Bank committed to be a partner ‘for the long run’
Published 2:00 pm Wednesday, March 1, 2023
By Kelly Wassenberg, for the Tribune
HARTLAND — The wind blew with an increasingly high intensity, tree branches broke, glass shattered, shingles lifted and bricks fell.
Although the day the tornado devastated Hartland was the first time tornadoes had hit the state in December, the results were all too familiar. Tears were shed, lives were changed and the landscape would never be the same.
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Depicted in many of the photographs from the day were pictures of Arcadian Bank’s Hartland branch.
Originally built in 1912 as Farmers State Bank of Hartland, the location had been a mainstay on the downtown streets since the days when it was traveled by horse and buggy. And the building had suffered significant damage.
“The southwest corner of the building was the hardest hit,” Arcadian Bank President Mark Heinemann said.
With the corner of the building reduced to rubble, the bank’s interior was exposed, he said, adding that all of the south windows were blown in, debris had made its way inside from adjacent buildings, and the establishment’s newly installed roof was perforated.
Recalling the 2010 tornado that had affected a number of the bank’s customers, Heinemann knew there was more damage than what was readily visible. The twisting and turning motions related to the tornado may have compromised the building to the point that it was beyond repair.
Together with a convergence team from the bank, which included the Hartland location’s two employees, Heinemann entered the bank after it was deemed safe to enter by the fire department.
“We were able to kind of survey the damage, tried to button things down as much as we could, and then we did take some things from the bank that night that we knew we would need to continue operating going forward,” Heinemann said.
The bank’s leadership team had proactively considered what should happen in such a circumstance.
“We have disaster recovery roundtable exercises,” Heinemann said. “And that’s prudent disaster recovery, management and business continuity planning for any business — banking or otherwise.”
During these exercises, Heinemann said they discussed what the bank would do in the event one of their branches was crippled — they lose network connectivity for an extended period of time, the power goes out or they have an IT failure.
With a plan already in place, the employees of the Hartland branch were divided between the Freeborn and Albert Lea locations so customers coming in from Hartland could still be served by a familiar face.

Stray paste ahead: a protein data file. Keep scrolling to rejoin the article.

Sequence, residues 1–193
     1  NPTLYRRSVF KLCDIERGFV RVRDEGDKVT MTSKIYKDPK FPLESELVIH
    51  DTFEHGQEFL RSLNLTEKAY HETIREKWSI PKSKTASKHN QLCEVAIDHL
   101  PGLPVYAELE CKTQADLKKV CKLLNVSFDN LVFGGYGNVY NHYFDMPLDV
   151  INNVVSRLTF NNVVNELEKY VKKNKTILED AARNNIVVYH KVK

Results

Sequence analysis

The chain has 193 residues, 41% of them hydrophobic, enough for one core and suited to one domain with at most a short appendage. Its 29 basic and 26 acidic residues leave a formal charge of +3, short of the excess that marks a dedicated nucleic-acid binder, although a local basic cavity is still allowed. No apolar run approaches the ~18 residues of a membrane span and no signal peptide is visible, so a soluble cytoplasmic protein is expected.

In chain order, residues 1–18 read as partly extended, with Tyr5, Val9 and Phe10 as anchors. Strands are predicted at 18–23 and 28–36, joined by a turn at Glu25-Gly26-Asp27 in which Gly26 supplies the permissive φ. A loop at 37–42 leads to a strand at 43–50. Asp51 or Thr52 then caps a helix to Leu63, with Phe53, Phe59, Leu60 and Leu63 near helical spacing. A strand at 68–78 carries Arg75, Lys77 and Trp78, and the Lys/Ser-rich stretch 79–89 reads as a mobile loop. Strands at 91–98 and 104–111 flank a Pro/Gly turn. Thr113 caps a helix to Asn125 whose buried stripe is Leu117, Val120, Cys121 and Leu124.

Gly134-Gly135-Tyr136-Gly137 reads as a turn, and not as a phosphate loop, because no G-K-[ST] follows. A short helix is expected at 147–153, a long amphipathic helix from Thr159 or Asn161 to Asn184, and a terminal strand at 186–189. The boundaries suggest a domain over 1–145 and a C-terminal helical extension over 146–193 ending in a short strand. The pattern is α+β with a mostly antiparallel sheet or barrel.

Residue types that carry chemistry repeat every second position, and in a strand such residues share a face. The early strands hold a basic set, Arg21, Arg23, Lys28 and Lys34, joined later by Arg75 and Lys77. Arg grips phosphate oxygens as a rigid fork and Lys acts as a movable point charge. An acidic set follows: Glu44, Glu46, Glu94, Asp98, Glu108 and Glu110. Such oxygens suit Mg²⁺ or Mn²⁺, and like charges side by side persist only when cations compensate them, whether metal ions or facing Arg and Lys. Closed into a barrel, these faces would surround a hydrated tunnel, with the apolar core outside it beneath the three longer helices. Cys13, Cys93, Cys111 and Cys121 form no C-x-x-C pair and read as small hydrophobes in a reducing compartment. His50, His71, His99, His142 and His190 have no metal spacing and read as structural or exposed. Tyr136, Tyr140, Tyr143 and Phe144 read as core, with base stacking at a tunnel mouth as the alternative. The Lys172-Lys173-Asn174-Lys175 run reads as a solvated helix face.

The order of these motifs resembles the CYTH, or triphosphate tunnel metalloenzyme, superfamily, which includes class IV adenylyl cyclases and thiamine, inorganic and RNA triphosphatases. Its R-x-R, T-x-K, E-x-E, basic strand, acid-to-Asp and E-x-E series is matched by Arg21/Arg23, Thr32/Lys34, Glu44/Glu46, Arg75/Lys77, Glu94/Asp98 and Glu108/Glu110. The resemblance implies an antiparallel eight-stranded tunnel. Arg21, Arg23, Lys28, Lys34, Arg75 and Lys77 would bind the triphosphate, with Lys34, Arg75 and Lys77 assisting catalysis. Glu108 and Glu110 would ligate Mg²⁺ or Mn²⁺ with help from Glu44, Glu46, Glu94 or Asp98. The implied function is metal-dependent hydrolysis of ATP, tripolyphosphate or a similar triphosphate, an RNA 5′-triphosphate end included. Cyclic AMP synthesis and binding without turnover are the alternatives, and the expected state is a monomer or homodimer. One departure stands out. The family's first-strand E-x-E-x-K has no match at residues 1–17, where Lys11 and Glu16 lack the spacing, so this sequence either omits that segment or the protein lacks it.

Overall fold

In the weeks that followed, some in the community pondered if the bank would reopen or permanently shutter its doors. Heinemann understood why.
“People listen to what you say — they really believe what you do,” he said.
Addressing the issue head-on, Heinemann noted, “You have to pose the question in order to dismiss it, but nobody was ever seriously considering doing that. It was my plan from the start to rebuild.”
Of course, even a bank president has to answer to the board; however, the decision to remain in Hartland was unanimous.
Delays were caused by red tape often associated with such events, yet it was determined within weeks that the only salvageable part of the building was the fieldstone basement.
Heinemann noted they could have salvaged part of the old building, but the most unique and interesting aspect of the location’s architecture — the brick and limestone exterior — would have had to be removed. This revelation, along with the desire to update the building’s facilities from today’s banking standards led to the decision to demolish the old structure and begin again.
The new building, which should start going up in the spring, will feature a drive through as well as a 24-hour access ATM in a secure vestibule.
Heinemann said he hopes the gesture will demonstrate the bank’s commitment to these small communities that still need a bank and still find value in having those services locally.
“In every challenge, there’s an opportunity, and we’re looking at it that way, and I think the town of Hartland is looking at it that way,” Heinemann said. “We’re looking forward to being a partner in that success for the long run.”